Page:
22 November 2009
We just had our first Tundra Triangle book club meeting, or Eggheads as my Grandmother would call it. Life of Pi by Yann Martel (2001) was the book of choice. Often, I wonder about where the author is coming from and what hints they give to the reader of that while supporting ideas/plot/themes in the text... Sometimes this causes me to loose my focus on the story itself. It is what it is. I delved into both aspects with this book, I hope. I won't go into a review just yet; though, among other tidbits this passage is what stuck with me.
"Our encounters always leave me weary of the glum contentment that characterizes my life. What were those words he used that struck me? Ah yes, 'dry, yeastless factuality', 'the better story'. I take out a pen and paper and write:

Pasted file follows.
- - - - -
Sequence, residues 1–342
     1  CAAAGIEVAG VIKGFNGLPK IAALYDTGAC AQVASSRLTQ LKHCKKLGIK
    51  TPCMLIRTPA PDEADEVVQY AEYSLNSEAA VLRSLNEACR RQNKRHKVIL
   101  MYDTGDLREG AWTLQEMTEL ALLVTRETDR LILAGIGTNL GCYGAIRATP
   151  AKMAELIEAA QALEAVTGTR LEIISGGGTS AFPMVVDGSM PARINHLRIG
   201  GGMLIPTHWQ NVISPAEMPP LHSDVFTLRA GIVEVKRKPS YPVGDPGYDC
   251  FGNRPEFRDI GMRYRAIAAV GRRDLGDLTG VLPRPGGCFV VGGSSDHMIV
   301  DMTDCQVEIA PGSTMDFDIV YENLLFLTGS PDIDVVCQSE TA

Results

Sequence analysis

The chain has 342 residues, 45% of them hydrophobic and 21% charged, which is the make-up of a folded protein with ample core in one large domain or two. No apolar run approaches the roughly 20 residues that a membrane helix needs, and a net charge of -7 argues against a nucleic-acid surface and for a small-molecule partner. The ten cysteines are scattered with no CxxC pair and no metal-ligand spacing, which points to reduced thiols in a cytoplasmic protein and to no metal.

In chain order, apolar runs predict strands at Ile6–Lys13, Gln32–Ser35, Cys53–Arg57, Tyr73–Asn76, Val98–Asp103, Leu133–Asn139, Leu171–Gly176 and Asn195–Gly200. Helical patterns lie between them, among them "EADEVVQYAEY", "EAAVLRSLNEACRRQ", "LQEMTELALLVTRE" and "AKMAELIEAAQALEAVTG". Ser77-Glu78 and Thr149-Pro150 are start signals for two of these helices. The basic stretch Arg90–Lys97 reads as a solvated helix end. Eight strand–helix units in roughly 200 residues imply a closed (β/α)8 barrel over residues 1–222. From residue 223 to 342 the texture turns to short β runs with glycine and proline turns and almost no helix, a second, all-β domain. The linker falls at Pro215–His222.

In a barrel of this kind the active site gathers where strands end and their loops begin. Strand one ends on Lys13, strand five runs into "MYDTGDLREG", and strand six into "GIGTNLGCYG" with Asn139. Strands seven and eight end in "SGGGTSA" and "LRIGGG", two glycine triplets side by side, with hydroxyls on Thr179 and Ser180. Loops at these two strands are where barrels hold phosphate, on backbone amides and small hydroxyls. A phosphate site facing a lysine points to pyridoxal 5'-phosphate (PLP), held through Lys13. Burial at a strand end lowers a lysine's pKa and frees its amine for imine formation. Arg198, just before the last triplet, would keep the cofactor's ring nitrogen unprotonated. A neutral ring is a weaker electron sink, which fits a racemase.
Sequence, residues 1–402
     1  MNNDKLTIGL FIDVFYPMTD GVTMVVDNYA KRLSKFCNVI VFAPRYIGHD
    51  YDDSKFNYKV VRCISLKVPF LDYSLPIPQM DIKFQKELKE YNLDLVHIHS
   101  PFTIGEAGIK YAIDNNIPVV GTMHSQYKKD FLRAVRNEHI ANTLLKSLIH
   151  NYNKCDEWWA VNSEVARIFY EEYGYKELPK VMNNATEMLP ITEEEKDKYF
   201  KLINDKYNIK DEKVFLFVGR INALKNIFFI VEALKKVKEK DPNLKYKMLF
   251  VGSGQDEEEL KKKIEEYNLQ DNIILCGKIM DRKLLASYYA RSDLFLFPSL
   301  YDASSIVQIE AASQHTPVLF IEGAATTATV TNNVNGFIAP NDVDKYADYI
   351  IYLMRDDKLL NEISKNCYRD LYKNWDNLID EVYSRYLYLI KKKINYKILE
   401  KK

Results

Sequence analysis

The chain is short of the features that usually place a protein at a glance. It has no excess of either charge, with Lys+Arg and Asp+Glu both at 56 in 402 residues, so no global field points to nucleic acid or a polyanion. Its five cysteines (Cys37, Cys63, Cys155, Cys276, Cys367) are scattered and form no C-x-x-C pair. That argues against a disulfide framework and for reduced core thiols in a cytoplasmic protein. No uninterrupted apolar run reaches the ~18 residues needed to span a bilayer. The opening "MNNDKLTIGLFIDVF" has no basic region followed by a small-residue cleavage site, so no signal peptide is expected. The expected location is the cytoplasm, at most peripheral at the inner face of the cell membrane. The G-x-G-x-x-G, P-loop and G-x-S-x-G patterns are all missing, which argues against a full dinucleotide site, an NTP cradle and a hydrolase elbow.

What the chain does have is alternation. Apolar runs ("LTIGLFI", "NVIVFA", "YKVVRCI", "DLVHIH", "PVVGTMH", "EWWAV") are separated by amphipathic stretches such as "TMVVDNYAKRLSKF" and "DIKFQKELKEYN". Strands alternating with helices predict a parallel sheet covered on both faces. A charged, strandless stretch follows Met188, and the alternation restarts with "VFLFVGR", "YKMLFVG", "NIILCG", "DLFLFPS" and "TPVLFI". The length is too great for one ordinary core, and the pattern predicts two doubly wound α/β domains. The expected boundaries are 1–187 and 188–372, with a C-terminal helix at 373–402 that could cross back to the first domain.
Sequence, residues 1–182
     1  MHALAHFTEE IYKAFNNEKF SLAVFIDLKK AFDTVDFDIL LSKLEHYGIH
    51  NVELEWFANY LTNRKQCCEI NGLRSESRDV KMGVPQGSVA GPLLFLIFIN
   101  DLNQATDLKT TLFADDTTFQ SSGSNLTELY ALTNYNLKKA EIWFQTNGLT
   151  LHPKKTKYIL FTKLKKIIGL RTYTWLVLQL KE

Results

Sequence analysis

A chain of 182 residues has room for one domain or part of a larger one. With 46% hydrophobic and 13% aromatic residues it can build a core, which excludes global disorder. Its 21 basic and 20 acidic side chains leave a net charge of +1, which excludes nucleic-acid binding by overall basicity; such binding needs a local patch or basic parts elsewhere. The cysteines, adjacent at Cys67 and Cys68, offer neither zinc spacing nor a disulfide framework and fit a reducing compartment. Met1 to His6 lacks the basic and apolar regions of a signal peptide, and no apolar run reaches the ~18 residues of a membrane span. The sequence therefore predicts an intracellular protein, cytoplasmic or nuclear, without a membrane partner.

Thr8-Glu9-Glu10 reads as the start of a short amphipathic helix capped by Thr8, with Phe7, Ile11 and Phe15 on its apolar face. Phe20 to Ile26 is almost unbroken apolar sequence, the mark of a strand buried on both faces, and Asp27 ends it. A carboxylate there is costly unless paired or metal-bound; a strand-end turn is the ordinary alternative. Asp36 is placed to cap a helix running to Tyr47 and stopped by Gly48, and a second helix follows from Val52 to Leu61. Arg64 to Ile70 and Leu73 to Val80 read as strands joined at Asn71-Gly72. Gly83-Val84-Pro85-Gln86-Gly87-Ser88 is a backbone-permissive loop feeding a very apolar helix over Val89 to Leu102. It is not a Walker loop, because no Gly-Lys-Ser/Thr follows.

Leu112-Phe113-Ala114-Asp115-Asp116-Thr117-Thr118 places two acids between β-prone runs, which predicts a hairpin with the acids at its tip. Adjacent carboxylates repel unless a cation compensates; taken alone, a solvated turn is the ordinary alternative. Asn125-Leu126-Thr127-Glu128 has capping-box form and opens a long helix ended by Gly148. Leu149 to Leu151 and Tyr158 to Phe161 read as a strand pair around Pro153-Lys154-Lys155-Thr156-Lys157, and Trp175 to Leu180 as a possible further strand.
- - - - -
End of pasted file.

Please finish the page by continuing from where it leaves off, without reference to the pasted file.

Words of divine consciousness: moral exhaultation; lasting feelings of elevation, elation, joy; a quickening of the moral sense, which strikes one as more important than an intellectual understanding of things; an alignment of the universe along moral lines, not intellectual ones; a realization that the founding principle of existence is what we call love, which works itself out sometimes not clearly, not cleanly, not immediately, nonetheless ineluctably." (80)